ActiveSync, such as passcode requirements. Larger enterprises can also make use of
MDM APIs to create their own management tools for functions such as remote wipe and
other policies that are similar to Exchange ActiveSync policies. In addition, larger
enterprises can use MDM for other functions such as alerting IT when the phone
becomes liable for international roaming charges, turning off cameras, verifying strong
passwords, and collecting detailed asset information. MDM tools require a client to be
installed on the device, and there are now third parties that supply management tools
based around MDM and Exchange ActiveSync functionality. For Apple iOS devices that
do not use Exchange ActiveSync or other enterprise tools, you can use the consumerfocused iPhone MobileMe service to locate missing devices on a map, display a
message on its screen, remotely set a passcode lock, and initiate a remote wipe to delete
personal data.
On Android devices, the Google Apps Device Policy enables administrators to remotely wipe
data on lost or stolen devices, lock idle devices, and manage passwords for devices running
Android 2.2 or later. Administrators can also enforce data security policies such as:
o
o
o
Requiring a device password on each phone.
Setting minimum lengths for more secure passwords.
Requiring passwords to include letters and numbers.
Device policy management APIs enable developers to create applications to control features,
such as managing e-mail and VPN accounts, and installing certificates. However, this is also
a potential problem area if important security features are dependent on each phone vendor
and the API features that they support.
7.3 Microsoft Can Help
Microsoft has always been interested in delivering software that empowers people at work and at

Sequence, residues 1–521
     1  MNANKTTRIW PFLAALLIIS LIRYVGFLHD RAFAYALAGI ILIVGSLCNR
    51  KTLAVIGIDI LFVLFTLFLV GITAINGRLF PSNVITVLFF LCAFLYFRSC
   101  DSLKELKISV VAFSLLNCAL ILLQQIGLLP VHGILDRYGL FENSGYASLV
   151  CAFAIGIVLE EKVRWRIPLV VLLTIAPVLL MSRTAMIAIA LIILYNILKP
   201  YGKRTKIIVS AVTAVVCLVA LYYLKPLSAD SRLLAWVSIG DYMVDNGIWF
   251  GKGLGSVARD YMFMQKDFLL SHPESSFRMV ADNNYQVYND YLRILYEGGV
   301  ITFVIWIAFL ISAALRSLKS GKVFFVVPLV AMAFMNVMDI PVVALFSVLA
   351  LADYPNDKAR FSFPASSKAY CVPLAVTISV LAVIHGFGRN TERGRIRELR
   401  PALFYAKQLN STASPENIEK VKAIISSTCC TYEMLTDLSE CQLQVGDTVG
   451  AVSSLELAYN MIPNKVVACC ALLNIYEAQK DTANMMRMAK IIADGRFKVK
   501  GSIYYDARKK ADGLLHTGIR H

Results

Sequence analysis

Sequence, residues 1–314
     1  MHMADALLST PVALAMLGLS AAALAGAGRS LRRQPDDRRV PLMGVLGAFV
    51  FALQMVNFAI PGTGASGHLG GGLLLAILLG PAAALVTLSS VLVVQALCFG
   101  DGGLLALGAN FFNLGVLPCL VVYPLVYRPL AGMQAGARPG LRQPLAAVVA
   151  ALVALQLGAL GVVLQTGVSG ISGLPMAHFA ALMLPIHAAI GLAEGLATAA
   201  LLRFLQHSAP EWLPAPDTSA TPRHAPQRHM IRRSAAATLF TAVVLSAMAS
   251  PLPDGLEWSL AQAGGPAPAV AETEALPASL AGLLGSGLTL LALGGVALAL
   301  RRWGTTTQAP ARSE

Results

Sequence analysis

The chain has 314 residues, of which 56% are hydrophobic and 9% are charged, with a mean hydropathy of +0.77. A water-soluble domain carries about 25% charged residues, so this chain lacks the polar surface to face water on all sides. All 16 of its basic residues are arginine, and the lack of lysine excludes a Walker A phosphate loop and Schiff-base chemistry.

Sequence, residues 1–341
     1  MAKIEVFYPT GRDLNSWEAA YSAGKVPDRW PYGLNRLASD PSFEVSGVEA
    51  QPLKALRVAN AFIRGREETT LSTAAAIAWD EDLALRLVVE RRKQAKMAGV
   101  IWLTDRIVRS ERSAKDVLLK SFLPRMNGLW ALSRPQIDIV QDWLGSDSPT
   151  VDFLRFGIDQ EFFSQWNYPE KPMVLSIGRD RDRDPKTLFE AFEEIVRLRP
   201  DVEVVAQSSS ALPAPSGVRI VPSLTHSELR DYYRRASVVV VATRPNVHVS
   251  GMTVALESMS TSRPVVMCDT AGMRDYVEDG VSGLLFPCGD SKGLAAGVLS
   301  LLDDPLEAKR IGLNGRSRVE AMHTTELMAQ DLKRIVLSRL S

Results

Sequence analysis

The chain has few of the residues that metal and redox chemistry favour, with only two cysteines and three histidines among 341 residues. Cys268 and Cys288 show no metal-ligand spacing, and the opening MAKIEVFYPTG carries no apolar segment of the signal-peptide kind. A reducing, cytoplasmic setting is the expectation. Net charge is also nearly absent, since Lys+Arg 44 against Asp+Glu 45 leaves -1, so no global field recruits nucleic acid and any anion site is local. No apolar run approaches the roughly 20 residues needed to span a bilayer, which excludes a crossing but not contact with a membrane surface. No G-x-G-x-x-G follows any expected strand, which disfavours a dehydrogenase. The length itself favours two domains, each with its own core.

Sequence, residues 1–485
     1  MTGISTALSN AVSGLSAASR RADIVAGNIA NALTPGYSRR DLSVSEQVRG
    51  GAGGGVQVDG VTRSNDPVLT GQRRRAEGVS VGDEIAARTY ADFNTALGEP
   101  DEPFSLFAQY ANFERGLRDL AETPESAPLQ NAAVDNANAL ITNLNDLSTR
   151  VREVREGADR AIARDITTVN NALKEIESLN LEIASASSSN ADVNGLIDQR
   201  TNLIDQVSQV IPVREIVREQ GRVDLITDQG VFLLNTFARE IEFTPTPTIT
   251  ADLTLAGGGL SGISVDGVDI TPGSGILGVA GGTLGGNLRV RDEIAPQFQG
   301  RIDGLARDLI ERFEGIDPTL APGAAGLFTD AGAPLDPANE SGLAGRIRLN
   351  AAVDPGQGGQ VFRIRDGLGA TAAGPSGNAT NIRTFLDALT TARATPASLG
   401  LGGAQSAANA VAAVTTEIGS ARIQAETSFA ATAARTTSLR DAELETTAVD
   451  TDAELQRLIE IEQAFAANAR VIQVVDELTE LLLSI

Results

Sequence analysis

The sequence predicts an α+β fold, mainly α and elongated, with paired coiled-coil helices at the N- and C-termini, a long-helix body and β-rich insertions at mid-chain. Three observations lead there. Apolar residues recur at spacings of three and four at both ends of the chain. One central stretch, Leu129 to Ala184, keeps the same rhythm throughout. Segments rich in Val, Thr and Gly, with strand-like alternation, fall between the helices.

home. This commitment is deeply rooted in Microsoft’s original mission statement: “A PC on
every desktop and every home.” With over a billion customers across the globe today, Microsoft
delivers solutions that power the world’s largest enterprises, schools, government offices, and
small businesses, in addition to hundreds of millions of homes.
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Microsoft delivers consumer experiences across the PC, phone, and television: Windows 7,
Hotmail®, Windows Live Messenger, Bing™, Xbox®, Xbox LIVE®, and Kinect™ are current
examples.
For enterprises that have fully managed infrastructures, the Windows Optimized Desktop, which
includes Windows 7 Enterprise and the Microsoft Desktop Optimization Pack, delivers the
key capabilities that enterprise customers have asked for. The Windows Optimized Desktop
enables user productivity and gives users anytime, anywhere access to the information that they
need to get their work done. In addition, it provides tools for IT to support its business securely,
protect corporate data, achieve cost efficiencies, and take advantage of the virtualization trends in
the client computing arena.
For businesses that have less managed infrastructures, Windows Intune provides cloud-based
management and protection technologies for Windows-based desktops, portable computers, and
slates. Windows Intune enables essential tasks including updates, endpoint protection, and asset
inventory to be performed on any device that has an Internet connection.
8 Summary
Workers increasingly want to be able to use their own devices, such as slates and smartphones,
at work, and many are also prepared to purchase their own portable computer or other device as
part of a BYO program.
IT must be able to embrace consumerization where it is appropriate, while at the same time
minimizing risks to the enterprise and to its data. By assessing and understanding your users, in
addition to the devices that they want to use, you can help ensure that consumerization benefits
your business, and that these benefits can be measured and evaluated.
Embracing consumerization enables businesses to deliver productivity gains and competitive
advantage. Consumerization becomes a major opportunity when the strategies that are described
in this paper are followed, ensuring that corporate assets are secure and establishing new roles
for empowered employees and IT as partners. Microsoft has a range of enterprise-ready
solutions that can help you address your users’ needs around consumerization, from
deployments of Window Optimized Desktop, through cloud-based management using Windows
Intune, to Windows-based and non-Windows-based smartphones.